In the basement of Charmaine and Roman Mendoza's Queens townhouse, there's a large wall hanging that spells out the word "FAMILY." The piece is a decorative element, part of a capsule collection by interior designers Robert and Cortney Novogratz for CB2, but it's also indicative of the guiding principle around which the couple has created their home. For them, family comes first.
Both Charmaine and Roman grew up in Queens (she in Woodside, and he in Floral Park) and bought their first apartment, a convertible two-bedroom in Long Island City, several years ago. But as their family grew—the couple has four boys, ranging in age from 13 to 2—they realized that they needed more space.
Staying in the borough was a no-brainer, because as Charmaine notes, "all of our family is here." But finding the right neighborhood proved to be more difficult. After briefly considering moving to a larger apartment in Long Island City, they decided to start looking at houses further east in Queens. "The three-bedrooms that were available [in Long Island City] were just as big as ours or smaller, and it wouldn’t be enough," says Roman.
They first looked at homes in Sunnyside Gardens, and even put bids in on a few, but nothing panned out. The hunt continued for about a year before they stumbled on the listing for their current home, on a quiet street on the border of Jackson Heights and East Elmhurst. The home had been owned by the same family since it was built in the mid-20th-century, which was part of the appeal for Charmaine and Roman. "The house was in good condition," she says. "The [siblings who sold the house] grew up here, and we liked that there was only one owner."
Even still, the house some needed work to bring it into the 21st century. After they closed on it in March of last year, the Mendozas worked with a contractor to gut renovate the space. The first floor was originally separated into three different rooms; the couple decided to knock down the walls, creating an open-concept floor plan where the living room and kitchen flowed into one another. They also completely revamped the basement, creating a comfortable family room, as well as the bedrooms and bathroom on the top floor. All told, the renovation took about four and a half months.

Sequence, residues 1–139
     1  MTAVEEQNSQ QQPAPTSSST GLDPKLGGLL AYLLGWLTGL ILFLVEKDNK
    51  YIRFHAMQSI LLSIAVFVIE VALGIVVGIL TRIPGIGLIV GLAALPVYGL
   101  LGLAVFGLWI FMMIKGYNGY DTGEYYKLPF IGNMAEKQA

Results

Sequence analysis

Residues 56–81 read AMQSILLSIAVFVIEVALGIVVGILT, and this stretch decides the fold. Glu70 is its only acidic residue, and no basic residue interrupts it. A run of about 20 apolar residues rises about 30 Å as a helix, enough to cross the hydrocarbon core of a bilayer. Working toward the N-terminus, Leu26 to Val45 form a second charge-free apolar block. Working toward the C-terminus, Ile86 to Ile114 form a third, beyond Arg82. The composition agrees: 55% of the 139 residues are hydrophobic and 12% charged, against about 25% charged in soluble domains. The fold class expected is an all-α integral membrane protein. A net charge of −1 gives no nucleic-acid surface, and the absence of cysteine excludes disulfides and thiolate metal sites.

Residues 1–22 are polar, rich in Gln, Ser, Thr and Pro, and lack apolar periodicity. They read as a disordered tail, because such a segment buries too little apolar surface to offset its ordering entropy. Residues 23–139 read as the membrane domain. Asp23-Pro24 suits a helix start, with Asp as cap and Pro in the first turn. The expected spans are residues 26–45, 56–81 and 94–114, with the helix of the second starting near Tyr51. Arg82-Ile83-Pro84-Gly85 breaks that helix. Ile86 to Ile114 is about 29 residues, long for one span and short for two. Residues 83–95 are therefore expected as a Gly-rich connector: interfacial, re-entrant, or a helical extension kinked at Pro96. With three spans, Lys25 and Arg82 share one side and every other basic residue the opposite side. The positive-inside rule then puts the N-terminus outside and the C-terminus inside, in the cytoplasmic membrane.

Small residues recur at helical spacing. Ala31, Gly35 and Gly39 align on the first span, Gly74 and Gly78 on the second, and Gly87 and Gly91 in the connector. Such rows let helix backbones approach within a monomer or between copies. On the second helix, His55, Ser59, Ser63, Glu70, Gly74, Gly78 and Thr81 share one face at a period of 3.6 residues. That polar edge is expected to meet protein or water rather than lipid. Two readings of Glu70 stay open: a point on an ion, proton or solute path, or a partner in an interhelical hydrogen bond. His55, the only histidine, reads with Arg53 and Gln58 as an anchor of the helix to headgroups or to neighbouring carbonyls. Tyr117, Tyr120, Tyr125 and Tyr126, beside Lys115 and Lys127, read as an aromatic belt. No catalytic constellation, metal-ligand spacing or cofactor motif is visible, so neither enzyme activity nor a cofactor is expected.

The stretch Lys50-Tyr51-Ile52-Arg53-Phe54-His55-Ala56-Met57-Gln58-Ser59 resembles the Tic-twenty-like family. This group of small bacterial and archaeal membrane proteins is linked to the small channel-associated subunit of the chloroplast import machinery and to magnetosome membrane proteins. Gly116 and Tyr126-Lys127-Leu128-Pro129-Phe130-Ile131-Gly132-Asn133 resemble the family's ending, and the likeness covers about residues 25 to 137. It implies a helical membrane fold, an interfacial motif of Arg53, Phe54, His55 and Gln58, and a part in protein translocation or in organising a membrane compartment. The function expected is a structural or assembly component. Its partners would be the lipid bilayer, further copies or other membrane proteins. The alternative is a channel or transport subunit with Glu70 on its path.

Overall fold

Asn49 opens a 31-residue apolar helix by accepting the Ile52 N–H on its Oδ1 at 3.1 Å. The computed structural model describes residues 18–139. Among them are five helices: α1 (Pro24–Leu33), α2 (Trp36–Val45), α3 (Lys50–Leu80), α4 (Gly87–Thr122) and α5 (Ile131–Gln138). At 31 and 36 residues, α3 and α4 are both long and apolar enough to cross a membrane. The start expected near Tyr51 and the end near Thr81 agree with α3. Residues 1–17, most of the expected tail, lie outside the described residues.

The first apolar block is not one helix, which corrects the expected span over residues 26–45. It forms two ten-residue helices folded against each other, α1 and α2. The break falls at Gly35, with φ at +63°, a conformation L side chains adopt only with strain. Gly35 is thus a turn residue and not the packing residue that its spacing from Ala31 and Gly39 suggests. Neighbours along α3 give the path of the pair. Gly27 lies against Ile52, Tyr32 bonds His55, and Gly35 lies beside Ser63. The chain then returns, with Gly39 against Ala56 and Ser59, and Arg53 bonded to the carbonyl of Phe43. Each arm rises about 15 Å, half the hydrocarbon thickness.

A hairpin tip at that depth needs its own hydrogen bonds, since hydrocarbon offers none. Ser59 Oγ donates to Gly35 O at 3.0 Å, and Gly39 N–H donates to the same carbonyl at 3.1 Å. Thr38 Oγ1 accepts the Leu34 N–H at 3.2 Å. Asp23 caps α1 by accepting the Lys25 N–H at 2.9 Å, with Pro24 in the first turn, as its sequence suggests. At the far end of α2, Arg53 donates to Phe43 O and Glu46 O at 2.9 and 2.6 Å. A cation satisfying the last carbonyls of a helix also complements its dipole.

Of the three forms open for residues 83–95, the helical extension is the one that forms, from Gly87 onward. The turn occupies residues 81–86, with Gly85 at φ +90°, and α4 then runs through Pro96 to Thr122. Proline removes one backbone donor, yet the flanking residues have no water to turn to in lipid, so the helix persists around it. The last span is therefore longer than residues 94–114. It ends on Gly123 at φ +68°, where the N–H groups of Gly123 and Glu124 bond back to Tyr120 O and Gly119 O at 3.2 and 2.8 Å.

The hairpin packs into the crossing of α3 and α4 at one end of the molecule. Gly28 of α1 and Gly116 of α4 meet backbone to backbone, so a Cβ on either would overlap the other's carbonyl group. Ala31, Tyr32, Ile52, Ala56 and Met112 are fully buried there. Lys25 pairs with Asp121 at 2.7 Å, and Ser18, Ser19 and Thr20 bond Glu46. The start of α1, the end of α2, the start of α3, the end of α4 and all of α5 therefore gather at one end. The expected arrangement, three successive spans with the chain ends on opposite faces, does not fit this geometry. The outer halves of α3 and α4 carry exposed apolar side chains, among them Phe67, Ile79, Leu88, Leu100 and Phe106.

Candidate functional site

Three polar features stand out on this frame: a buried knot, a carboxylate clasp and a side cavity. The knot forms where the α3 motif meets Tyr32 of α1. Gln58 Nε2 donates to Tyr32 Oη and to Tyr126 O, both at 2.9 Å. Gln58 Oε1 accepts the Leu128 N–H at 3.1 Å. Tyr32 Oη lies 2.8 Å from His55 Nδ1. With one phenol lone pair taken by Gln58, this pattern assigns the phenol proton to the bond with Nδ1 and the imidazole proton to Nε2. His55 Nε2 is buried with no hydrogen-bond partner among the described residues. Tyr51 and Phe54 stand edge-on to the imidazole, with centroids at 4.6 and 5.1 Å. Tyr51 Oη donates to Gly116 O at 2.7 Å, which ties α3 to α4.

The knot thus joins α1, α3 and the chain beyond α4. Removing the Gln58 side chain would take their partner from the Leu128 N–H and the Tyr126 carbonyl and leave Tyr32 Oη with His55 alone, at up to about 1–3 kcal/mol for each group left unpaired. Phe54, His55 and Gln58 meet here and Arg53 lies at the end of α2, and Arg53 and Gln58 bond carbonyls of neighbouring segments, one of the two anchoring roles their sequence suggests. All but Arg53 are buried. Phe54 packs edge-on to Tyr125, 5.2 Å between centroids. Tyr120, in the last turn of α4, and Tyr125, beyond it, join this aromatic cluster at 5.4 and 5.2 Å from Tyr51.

But not everything was redone. "We thought that it would be cool to keep the original details and add a modern touch to it," Roman explains. "We wanted to keep the original character as much as we could." The floors on the first floor, for example, are the same ones that came with the house; the Mendozas simply refinished them, adding a pale wash to give the space an airier feel. Similarly, they kept the staircase connecting the first and second floors because they loved the spindles, but painted it black and white to match the palette in the rest of the apartment.
There were also practical considerations; namely, the fact that the couple has four young boys growing up in the house. The basement was turned into a family room that could accommodate the rambunctious quartet, with plenty of toys (and the storage space to fit it all), a TV, and lots of Ikea furniture. (Chosen, the couple admits, because it's both durable and cost effective—a must when you're raising young kids.) The walls are lined with family photos from various vacations, as well as handprints from each boy.
It all goes back to the idea of family, and how it's informed what Charmaine and Roman did with the home—every room was designed with an eye toward how they and their kids would use the space. Even the print of Filipino boxer Manny Pacquiao is, in its own way, part of that; Charmaine jokes that he's as much a part of the family as anyone else, thanks to Roman's obsession with him. ("I was like, really? does he have to be next to our family photo?" Charmaine says with a laugh.)
Now that the renovation is complete, the whole family is happy with how it turned out—especially the kids, who love running up and down the stairs, and playing in the fenced-in backyard. For Roman and Charmaine, the main floor is the best part. "We can be eating while the kids are playing, so we get to make sure that they’re not doing anything they’re not supposed to," Roman jokes.
And even though getting here wasn't the easiest process—the year-long hunt, the back-and-forth with their contractor, and so on—it was worth it for the results. "The whole point of moving here was to really settle down and be here forever," Roman explains, and the happy couple notes that they're staying put for "as long as we can."
- House Calls archive [Curbed]